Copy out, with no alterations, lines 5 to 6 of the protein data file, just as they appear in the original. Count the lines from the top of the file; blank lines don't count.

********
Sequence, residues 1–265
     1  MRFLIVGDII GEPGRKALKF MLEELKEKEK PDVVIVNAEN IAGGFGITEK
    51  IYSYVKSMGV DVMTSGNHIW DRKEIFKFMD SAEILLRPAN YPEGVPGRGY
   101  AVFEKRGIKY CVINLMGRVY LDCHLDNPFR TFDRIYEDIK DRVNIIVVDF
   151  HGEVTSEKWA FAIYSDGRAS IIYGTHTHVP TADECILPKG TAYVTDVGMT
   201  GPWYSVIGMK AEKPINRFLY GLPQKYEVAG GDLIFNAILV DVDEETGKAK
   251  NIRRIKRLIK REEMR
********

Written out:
   151  HGEVTSEKWA FAIYSDGRAS IIYGTHTHVP TADECILPKG TAYVTDVGMT
   201  GPWYSVIGMK AEKPINRFLY GLPQKYEVAG GDLIFNAILV DVDEETGKAK